AN: I was asked in April 2013, and from January 2013, I knew that a coup would take place and I told Morsi since January that that would happen. I told him the overthrow would happen from the Saudis and the Emiratis, because I had relations with the Emiratis, Bin Zayed and Mohammed Dahlan and I tried to solve the issue between them and Morsi. I saw them once in December 2012 and they were barely ready for this election. I met them and I saw it was impossible to have a solution. They made the decision of the overthrow and I told Morsi that it is very clear and I told him even the solution. In December, I talked to Morsi over the phone. He told me, “I have to see you tomorrow,” and I told him, “I am now in the Emirates.” After 10 minutes, he called me again and he asked me, “What are you doing in the Emirates?” I said “Nothing, I am just being honoured with an award.” He said, “Why don’t you meet with the officials there and ask them what they are mad about, and whatever you agree upon, I agree also - no worries." I met with officials there, and told them, we agreed about the aid going to Egypt. But they insisted it went through me, not through the Brotherhood. I said I do not have an official designation, however we can do them through projects which are not related to the Brotherhood. We talked about an agricultural project and a project to build a fast train, about $3bn in aid. And I went to China to see how this could be done. On my way back from China, I went through Qatar and I also went to meet people from the Emirates. And it seemed that this was the biggest mistake I have made in my life. Because when I went to Qatar, I went with the prince and the crown prince. The Emiratis considered this to be the end of any discussion. So when I went from Qatar directly to the Emirates, it was a very bad week. They said they would not have any projects and that they would support the opposition.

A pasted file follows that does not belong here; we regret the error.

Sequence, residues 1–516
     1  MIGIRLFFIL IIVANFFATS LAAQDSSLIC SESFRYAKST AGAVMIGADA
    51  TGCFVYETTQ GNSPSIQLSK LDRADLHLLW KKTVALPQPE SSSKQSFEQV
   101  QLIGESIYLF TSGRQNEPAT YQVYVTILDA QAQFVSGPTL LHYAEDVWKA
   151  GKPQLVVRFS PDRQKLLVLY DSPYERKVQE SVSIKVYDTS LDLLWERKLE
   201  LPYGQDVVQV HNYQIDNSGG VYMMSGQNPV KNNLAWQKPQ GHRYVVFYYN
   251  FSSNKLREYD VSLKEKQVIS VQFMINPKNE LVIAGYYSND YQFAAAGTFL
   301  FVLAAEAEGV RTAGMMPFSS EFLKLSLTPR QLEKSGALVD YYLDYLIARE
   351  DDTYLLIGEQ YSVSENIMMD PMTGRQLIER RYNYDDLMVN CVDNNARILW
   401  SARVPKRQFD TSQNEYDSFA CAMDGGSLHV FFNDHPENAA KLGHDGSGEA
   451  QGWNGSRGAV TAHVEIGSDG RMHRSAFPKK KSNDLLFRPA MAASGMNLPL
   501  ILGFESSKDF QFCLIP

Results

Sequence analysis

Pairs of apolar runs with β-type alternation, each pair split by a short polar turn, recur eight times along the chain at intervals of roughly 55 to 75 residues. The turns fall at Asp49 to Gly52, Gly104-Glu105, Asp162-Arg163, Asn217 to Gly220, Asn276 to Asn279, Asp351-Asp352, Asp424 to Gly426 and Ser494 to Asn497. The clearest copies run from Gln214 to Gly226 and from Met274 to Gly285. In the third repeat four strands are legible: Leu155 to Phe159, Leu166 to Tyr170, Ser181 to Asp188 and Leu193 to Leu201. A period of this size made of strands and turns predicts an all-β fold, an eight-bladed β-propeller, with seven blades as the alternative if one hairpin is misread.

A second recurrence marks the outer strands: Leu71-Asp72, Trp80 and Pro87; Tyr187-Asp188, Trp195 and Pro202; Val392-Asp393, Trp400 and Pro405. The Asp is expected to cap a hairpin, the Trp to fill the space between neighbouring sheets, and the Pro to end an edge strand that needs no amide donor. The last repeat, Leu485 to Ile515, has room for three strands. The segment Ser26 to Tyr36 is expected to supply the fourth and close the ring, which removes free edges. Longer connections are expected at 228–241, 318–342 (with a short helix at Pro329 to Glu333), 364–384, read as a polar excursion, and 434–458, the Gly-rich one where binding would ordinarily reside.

MEE: But they gave money to Hamdeen Sabahi?

    AN: Sabahi got money from Emirates, from Hezbollah, from Iran ... everybody. On my return, from the Emirates, I told Mohammed Morsi there are unnatural movements happening and I told him he should go to Saudi Arabia and solve the issue in Saudi Arabia. I told him what was happening in the Emirates. I had a duty to a tooth pain. If you want to solve the issue, the Emirates is the headache and you solve the tooth pain. He said: “Okay, I will see what I can do.” They made some plans that vanished and were all in vain. When he proposed to me the prime ministership, it was in April 2013. I could not agree unless there was a coalition government. The other parties that decided they would not do anything with Morsi and my position would be that I would be the one only who would form a government. And I said something to Dr Morsi and I apologised for having said that, as if I was reading from an open book. We were staying in the government palace. I told him: “During the reign of Hosni Mubarak, I used to be here. I used to tell Mubarak that the distance between here and the prison of Tora is 30 minutes.” Morsi smiled, but I didn’t. I said: “The distance between here and Tora is ...” He asked, “How much?” I said, “30 centimetres. If you want to go, go, but I do not want to go with you.” He laughed and he said: “You have a week.”

    MEE: What do you think of Morsi?